Treatment Of Vitiligo With Phototherapy: Vitiligo is a chronic condition caused by the lack of melanin a pigment in the skin resulting in pale white patches on the skin. Dr Monica Chahar, Chief Dermatologist & Director, Skin Decor, Dwarka New Delhi shares that vitiligo is an autoimmune skin disorder that can affect any skin area.
The condition causes white patches on the skin due to a lack of melanin a pigment. The patches are particularly noticeable in people with darker skin tones. Vitiligo symptoms include discolouration inside your mouth, hair, or retina. The spread of vitiligo is unpredictable; sometimes, it affects only one side of the body or spreads through the entire body.
Living with vitiligo can be a challenge, emotionally and psychologically. Though it is not contagious or life-threatening, vitiligo can shake your confidence, lower your self-esteem and impair your quality of life. Fortunately, treatments are available for vitiligo that reduce the visibility of patches, restoring your self-assurance and enjoyment of social gatherings.
What To Know About Phototherapy Treatment For Vitiligo?
While the chronic skin disorder has no definite cure, several interventions are available to treat patients with vitiligo. Phototherapy, including psoralen UV-A (PUVA) and narrowband UV-B (NBUVB), are known and effective treatment modalities for the disease. UV radiation triggers the production of vitamin D in the body and decreases inflammation which can result in the re-pigmentation of the skin. Besides, it also causes the growth of melanocytes - cells that produce the pigment bringing back the skin's original colour. Also, the UV rays suppress the immune system and prevent the occurrence of new skin patches.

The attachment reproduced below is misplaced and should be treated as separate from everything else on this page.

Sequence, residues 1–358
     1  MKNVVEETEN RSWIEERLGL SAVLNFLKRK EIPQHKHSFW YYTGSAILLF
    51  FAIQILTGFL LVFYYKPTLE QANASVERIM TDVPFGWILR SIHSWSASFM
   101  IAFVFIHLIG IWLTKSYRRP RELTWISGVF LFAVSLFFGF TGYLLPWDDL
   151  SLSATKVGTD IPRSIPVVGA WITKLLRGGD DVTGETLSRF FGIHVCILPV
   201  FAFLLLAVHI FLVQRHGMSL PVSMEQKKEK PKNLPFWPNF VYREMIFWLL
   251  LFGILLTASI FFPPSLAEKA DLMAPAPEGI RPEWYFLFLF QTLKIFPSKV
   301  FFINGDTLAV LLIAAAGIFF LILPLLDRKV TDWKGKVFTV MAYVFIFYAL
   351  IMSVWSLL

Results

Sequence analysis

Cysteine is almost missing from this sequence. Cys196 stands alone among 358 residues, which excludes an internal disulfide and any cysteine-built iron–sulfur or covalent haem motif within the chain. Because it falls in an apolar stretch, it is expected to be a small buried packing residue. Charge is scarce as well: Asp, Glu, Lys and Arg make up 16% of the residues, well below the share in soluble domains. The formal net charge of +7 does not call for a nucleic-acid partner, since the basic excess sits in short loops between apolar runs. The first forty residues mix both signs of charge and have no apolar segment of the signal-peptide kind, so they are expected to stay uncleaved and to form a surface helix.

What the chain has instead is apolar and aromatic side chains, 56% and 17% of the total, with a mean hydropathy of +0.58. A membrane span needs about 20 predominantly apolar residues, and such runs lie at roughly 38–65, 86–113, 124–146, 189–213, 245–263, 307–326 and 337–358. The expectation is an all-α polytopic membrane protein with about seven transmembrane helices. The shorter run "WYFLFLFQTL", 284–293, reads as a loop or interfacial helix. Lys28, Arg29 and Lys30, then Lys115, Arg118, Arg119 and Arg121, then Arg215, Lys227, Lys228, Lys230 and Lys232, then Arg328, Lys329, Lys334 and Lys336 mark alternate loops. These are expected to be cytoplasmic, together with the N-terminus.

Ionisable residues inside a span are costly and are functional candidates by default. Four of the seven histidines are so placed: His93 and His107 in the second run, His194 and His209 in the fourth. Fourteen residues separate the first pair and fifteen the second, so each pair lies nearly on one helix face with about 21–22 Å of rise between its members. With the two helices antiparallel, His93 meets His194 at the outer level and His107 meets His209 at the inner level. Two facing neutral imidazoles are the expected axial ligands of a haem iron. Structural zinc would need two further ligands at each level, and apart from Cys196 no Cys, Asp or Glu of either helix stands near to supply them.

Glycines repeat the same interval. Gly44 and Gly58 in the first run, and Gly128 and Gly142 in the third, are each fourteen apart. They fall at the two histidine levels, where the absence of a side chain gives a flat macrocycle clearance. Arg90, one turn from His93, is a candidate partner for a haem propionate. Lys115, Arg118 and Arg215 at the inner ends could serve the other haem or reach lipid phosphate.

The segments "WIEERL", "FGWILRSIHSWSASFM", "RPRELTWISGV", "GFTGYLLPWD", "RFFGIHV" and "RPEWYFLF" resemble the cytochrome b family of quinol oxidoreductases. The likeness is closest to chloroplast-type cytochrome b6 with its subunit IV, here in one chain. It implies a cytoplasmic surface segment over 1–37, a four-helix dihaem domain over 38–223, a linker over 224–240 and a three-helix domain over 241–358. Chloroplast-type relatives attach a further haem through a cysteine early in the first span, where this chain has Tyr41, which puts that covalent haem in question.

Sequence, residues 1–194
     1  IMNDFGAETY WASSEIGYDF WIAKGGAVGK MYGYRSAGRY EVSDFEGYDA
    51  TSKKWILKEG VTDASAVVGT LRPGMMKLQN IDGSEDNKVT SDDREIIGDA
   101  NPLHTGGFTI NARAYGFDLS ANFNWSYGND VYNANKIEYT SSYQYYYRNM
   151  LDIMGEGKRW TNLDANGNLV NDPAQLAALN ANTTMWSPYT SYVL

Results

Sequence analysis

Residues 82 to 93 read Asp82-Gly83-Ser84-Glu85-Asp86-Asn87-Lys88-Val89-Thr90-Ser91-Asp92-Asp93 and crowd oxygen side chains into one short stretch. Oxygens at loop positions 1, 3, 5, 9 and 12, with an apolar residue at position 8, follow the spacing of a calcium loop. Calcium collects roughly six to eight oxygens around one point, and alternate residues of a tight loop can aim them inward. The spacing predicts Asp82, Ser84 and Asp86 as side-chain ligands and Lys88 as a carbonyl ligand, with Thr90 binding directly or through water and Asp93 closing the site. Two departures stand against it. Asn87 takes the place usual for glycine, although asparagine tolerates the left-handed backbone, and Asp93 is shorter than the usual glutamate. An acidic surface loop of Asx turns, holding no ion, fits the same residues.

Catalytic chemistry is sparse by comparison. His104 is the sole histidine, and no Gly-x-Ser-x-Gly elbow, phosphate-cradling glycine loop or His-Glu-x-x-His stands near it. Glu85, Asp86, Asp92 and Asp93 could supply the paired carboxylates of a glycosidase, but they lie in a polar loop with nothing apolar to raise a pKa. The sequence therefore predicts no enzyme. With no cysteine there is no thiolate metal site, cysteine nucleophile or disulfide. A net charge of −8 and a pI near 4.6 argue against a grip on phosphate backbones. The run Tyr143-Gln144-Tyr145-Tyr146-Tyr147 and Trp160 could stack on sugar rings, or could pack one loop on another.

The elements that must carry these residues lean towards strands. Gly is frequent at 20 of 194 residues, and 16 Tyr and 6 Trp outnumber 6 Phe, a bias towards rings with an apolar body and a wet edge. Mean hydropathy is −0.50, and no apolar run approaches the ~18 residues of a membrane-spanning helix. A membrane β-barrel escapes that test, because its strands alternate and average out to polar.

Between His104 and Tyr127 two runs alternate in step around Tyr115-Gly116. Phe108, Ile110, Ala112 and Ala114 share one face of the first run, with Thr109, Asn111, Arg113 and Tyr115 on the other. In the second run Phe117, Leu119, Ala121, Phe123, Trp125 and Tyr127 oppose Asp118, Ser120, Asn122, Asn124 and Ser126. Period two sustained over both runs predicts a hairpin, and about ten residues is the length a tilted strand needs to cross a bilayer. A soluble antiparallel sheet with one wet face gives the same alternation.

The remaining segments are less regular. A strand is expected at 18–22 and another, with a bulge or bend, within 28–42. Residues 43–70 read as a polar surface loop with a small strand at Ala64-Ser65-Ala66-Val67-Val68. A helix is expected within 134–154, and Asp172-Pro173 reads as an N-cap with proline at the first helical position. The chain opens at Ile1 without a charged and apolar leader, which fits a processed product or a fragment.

Worried That UV Therapy May Harm Your Skin? Don't Be!
Phototherapy is safe in the right hands. However, not every patient is an ideal candidate for phototherapy, and its use depends on the patient's age, overall health, and body surface area affected. The two primary modalities of phototherapy, PUVA and NB UVB therapy, are discussed below.
Psoralen UV-A (PUVA) light therapy combines topical/oral medicine (Psoralen) plus ultraviolet A (PUVA) to enhance re-pigmentation. Psoralens increase the susceptibility of melanocytes to UVA light therapy. UVA light penetrates deeper into skin tissues. While it is effective in re-pigmentation, there can be a few side effects which can be discussed with a dermatologist.
Narrow-band ultraviolet B (NB-UVB) therapy (311-313 nm) is more widely used today and does not require supplemental medications. The treatment usually requires 2- 3 sessions weekly, with a total of 50 60 sessions. The time for the results to be visible vary according to how long you have been affected by the condition and how much of your body is affected by the disease.
Usually, it takes two to three months to see results, and you can see pronounced repigmentation after consistent treatment.